Karzai learned of the boy's death from visiting Helmand Gov. Naeem Baloch, presidential spokesman Aimal Faizi told journalists in Kabul.
The boy apparently was hit when shots were fired during an International Security Assistance Force patrol through farmland in Helmand province, an ISAF spokesman said.
"We condemn the killing of this boy in the strongest terms," Faizi said on behalf of Karzai, who was once closely aligned with U.S. officials but has become unpredictable and at times hostile toward his supposed wartime allies.
"We have been calling for the complete end of military operations in residential areas," Faizi said. "This demand has not been taken seriously by foreign troops and the result is civilian casualties, including women and children."
[Updated 2:15 p.m. Jan. 11: Col. David Lapan of the ISAF media office said Saturday that the incident involving the boy occurred Tuesday during a routine patrol. An ISAF unit perceived a threat as it passed by a compound, he said.
"The unit fired in response to the perceived threat. Unit medical personnel immediately began providing assistance to the wounded boy, however their efforts were unsuccessful, and the child died," Lapan said in a statement. "ISAF deeply regrets this civilian casualty. The incident is under investigation to determine the facts."]
Karzai this week announced through Faizi that he would be releasing 72 prisoners captured by U.S. and other foreign forces during the 12-year military operation to rout Taliban and Al Qaeda-aligned militants. The U.S. government had asked authorities in Kabul to keep the suspects in custody, deeming them too dangerous to release even though Karzai says insufficient evidence exists on which to prosecute them for war crimes.
At the heart of the Kabul-Washington tensions is Karzai's refusal to sign a bilateral security agreement that would allow the
Pentagon officials wanted the security accord signed by the end of last year so funding and a deployment schedule could be in place in time to ensure a smooth transition when Afghanistan resumes control of its own security during the phased pullout. All U.S. and NATO troops must be out by Dec. 31, according to the agreements governing the mission's end stages.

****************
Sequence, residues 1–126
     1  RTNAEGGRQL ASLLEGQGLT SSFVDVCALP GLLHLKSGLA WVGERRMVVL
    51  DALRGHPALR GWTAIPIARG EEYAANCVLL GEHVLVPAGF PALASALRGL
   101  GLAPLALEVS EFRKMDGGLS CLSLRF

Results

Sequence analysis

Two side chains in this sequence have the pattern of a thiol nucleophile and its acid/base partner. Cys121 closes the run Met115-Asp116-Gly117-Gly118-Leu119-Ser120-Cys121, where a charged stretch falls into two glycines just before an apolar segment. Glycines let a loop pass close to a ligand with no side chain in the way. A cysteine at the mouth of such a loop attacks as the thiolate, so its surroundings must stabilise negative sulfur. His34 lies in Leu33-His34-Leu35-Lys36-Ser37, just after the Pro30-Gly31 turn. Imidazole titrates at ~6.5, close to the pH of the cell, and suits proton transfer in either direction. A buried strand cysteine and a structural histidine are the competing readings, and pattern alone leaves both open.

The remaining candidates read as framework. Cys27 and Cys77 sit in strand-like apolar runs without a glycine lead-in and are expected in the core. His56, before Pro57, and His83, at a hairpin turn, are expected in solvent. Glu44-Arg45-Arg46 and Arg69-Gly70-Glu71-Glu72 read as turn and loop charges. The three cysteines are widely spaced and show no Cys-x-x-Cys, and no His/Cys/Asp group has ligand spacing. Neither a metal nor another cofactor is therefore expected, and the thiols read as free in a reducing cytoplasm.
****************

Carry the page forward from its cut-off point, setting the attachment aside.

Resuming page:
Karzai said in the fall that he would sign the security pact if a council of Afghan elders, known as a loya jirga, voted to endorse it. But even after the council voted in favor of it, Karzai said he was putting off final approval for his successor to deal with. A presidential election is scheduled for April.
The Taliban, which gave shelter to Osama bin Laden and his militants before the Sept. 11, 2001, terrorist attacks, was swept out by the U.S. invasion in October 2001. But Taliban fighters continue to lurk in tradition-bound regions of Afghanistan and Pakistan, and appear to be biding their time until Western forces retreat in stages this year.
Secret talks between the Afghan government and Taliban leaders have taken place in recent months but have made no progress, the Associated Press reported Friday, quoting an unidentified but long-trusted source in the Taliban hierarchy.
"Many wonder whether Karzai even wants a peace deal before the April election. He is ineligible for a third term, and stalling until he is out of office would punt the tough decisions to his successor," the report said. "And the Taliban still needs to prove it can be trusted not to exact revenge for alleged atrocities by Afghan leaders."
[For the record 2:15 p.m. Jan. 11: An earlier version of this post reported that the child was killed in a U.S.-led airstrike. He died during a security patrol by international forces.]